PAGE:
COUNTDOWN TO CONSTITUTIONAL MELTDOWN. It's hard to avoid the temptation to begin counting the days in which H. Marshall Jarrett, director of the Justice Department's Office of Professional Responsibility (OPR), manages to remain in that post, especially since his objections to administration intervention in an inquiry he was conducting were made public earlier this week. OPR is the internal affairs office of the Department of Justice (DoJ).
Testifying on Wednesday before the Senate Judiciary Committee, Attorney General Alberto Gonzales acknowledged that President Bush himself, in what the Washington Post's Dan Eggen called "an unprecedented White House intervention" into an OPR investigation, thwarted an inquiry into the role "Justice Department officials played in authorizing and monitoring the controversial [National Security Agency (NSA)] eavesdropping effort, according to officials and government documents." The White House did so by denying security clearances to the OPR attorneys designated to conduct the inquiry.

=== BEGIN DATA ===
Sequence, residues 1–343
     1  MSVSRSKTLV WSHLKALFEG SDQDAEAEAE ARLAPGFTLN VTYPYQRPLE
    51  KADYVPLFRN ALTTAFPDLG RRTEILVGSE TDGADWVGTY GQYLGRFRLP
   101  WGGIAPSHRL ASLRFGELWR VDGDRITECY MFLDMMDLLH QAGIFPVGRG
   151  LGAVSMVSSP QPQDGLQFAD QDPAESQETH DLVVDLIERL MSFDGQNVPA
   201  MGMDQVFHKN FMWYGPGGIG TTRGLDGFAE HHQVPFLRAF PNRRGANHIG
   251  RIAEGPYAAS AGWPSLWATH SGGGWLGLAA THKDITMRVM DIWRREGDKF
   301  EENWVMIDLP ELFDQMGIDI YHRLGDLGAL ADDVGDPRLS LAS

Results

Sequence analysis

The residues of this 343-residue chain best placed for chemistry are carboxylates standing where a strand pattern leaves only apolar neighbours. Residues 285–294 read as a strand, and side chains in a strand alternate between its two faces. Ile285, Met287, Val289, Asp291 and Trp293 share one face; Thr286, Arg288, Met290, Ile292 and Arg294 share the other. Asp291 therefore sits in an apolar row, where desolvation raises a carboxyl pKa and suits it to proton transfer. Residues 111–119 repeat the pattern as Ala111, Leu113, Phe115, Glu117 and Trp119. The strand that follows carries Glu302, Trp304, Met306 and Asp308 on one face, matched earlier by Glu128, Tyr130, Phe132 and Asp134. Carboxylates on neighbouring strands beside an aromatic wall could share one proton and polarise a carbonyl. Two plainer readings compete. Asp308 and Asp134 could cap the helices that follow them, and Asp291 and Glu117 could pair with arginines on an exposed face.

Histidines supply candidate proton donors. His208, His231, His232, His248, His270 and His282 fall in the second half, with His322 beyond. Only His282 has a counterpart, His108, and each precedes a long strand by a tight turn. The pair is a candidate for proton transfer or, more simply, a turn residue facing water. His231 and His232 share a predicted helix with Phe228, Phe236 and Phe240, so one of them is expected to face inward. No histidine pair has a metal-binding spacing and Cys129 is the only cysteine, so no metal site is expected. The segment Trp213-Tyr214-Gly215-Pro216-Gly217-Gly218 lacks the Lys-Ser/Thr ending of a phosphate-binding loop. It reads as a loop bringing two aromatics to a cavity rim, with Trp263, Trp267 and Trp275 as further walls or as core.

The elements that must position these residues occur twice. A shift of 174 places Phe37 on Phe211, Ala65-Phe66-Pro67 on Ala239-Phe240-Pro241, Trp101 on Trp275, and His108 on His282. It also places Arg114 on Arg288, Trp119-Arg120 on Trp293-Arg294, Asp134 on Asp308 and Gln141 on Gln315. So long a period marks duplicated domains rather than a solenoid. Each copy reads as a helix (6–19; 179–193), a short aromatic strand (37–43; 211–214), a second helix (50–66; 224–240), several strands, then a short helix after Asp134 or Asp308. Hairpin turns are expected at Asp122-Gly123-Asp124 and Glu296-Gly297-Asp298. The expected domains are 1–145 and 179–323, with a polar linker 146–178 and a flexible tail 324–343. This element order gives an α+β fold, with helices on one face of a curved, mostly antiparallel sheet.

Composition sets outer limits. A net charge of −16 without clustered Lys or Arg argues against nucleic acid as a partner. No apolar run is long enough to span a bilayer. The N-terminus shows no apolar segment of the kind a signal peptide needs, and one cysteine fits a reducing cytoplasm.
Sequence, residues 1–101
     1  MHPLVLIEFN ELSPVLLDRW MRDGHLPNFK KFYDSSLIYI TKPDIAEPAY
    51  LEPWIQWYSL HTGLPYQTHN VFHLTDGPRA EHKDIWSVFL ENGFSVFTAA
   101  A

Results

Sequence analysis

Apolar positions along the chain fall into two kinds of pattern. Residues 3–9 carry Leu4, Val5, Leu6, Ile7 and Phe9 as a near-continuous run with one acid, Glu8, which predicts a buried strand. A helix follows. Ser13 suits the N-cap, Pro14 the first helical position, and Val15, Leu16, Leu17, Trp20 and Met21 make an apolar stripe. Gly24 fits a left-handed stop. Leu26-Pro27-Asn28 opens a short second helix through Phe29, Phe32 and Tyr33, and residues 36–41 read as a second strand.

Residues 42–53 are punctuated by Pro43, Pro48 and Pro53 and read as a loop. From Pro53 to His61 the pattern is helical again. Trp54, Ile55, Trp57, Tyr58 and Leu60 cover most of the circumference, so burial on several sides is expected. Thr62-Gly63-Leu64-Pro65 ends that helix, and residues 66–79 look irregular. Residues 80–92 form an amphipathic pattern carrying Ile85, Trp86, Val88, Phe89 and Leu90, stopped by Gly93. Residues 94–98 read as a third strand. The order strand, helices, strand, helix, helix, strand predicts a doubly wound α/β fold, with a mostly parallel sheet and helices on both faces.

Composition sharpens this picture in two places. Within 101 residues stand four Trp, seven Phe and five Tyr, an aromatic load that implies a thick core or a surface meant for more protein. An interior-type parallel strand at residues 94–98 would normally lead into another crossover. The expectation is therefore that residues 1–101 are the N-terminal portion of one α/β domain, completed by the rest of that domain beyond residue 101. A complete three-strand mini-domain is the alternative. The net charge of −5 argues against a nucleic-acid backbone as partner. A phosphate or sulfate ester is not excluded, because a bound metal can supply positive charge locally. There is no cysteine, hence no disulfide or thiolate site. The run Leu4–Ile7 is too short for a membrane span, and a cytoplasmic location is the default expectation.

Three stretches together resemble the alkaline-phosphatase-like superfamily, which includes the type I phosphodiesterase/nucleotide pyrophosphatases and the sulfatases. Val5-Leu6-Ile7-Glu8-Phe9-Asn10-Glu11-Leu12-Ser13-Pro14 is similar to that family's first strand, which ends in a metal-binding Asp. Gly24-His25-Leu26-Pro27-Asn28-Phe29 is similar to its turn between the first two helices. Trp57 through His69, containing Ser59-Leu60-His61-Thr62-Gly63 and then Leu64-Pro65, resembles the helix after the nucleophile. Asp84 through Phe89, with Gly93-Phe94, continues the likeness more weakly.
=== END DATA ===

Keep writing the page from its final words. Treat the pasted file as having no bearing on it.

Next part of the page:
In a memo released in time for the hearing, Jarrett, a Clinton appointee, asserted, "Since its creation some 31 years ago, OPR has conducted many highly sensitive investigations involving Executive Branch programs and has obtained access to information classified at the highest levels. In all those years, OPR has never been prevented from initiating or pursuing an investigation."
Jarrett also noted that when the shoe was on the other foot -- when
his office the DoJ Criminal Division was charged with investigating the leak that led to the New York Times' expos� on the NSA program, agents and attorneys from DoJ and the FBI had no problem obtaining clearances.
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